Jack Mackston, a former City Court and Nassau County Criminal Court judge who earned a reputation for being tough on slumlords during the tumultuous 1970s in Long Beach — and who made headlines when he sentenced Joey Buttafuoco to jail for the statutory rape of Amy Fisher in 1993 — died on Aug. 4, at age 90.
Mackston, a longtime Long Beach resident, was described as a towering figure in the community who earned the respect of Republicans and Democrats alike, and was known for being firm but fair in the courtroom. He died peacefully in his home in the Canals, surrounded by his family.
Hundreds turned out for his funeral service on Monday at Gutterman’s in Rockville Centre. Mackston, who would have turned 91 on Aug. 22, is survived by his wife of 64 years, Sandra; four children, Jeff, Bobby, Susan Mackston-Solomon and Alisa Mackston-Hart; 11 grandchildren and two great-grandchildren.
“He lived and breathed Long Beach,” said Mackston-Solomon. “He was the most special person I’ve ever known. He’s from the old school, and he was so humble — he was very honest.”
Born in New York City in 1927, Mackston grew up in the Bronx and attended Admiral Farragut Academy in Toms River, N.J. He enlisted in the U.S. Navy’s flight program in 1944, and held the Navy’s boxing middleweight title.
“His mother took him to pro bouts when he was thinking about being a boxer, and the blood would fly off the fighters’ faces,” said his son Bobby. “He said, ‘I think I’ll go to college instead.’”
Mackston attended Tufts University and New York University’s School of Law. An avid sailor, he moved to Long Beach in 1953, where he opened a law practice and he and Sandra were married two years later. The couple built a home on Curly Street in 1960, where they raised their children and Mackston kept his sailboat docked in the Bob Jones Canal.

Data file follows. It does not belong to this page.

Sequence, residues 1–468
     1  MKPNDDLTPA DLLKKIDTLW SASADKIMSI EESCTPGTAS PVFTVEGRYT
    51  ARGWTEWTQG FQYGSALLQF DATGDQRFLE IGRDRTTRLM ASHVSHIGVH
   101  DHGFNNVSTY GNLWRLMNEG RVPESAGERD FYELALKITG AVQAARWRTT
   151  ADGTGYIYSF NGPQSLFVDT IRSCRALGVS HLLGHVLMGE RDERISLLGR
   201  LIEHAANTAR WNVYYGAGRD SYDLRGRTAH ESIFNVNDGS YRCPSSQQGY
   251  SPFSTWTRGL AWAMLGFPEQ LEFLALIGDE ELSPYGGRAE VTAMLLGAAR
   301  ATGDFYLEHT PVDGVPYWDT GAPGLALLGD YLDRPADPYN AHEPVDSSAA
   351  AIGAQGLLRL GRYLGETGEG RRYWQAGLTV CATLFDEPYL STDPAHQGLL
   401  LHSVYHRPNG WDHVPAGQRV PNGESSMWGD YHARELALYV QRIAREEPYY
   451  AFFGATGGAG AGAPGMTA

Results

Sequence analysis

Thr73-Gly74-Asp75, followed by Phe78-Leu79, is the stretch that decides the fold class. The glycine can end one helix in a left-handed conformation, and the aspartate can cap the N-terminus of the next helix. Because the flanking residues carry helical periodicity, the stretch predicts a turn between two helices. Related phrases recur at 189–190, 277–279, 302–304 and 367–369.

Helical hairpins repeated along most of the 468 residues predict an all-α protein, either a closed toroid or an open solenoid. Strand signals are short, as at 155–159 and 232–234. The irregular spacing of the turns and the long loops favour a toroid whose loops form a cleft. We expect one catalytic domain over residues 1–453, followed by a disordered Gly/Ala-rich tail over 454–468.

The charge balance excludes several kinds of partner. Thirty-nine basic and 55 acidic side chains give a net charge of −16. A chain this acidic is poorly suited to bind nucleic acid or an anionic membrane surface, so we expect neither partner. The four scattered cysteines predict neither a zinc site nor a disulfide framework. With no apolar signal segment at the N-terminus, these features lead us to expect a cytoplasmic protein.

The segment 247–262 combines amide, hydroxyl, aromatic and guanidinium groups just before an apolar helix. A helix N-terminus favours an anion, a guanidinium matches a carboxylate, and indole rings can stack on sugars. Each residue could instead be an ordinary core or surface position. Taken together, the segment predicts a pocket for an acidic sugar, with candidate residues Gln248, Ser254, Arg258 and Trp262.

“He loved the water,” Bobby said. “He’s a sailor, and loved being on the ocean. He had small sailboats and loved to sail, and that’s what we’d do whenever we had a chance.”
Fighting to turn the city around
Long Beach hit hard economic times in the 1960s and ’70s, when the state began placing mental patients in empty resort hotels and dubious building fires — many believed to have been started by landlords looking for insurance payouts — were common.
“There were many slums and illegal housing,” recalled Long Beach Republican Committee Chairman Jim Moriarty, who was 19 when he worked on Mack-ston’s first campaign for City Court judge in 1972. “We had buildings that were uninhabitable. These guys were profiting off the misery of people who had no other places to live. Mackston set a tone not to tolerate these kinds of landlords.”
“There was a lot of corruption, and his biggest pet peeve was slumlords,” Bobby Mackston added, “and he went after all of them.”
As an attorney, Mackston, a Republican, earned a reputation for his legal expertise, and was also known for his good looks, athletic build and friendly demeanor.
“People were disgusted with politics in City Hall and the state of the community, and were electing new faces,” Moriarty said. “Mackston looked at the law as something that could be good for people.”
After the Republicans swept a City Council race for the first time ever in 1971, Mackston was appointed an acting City Court judge in 1972. When Judge George Tepper died that year, Mackston became a full-time judge, and he was elected that November to serve the remainder of Tepper’s term, overwhelmingly defeating his opponent, Irving Faber.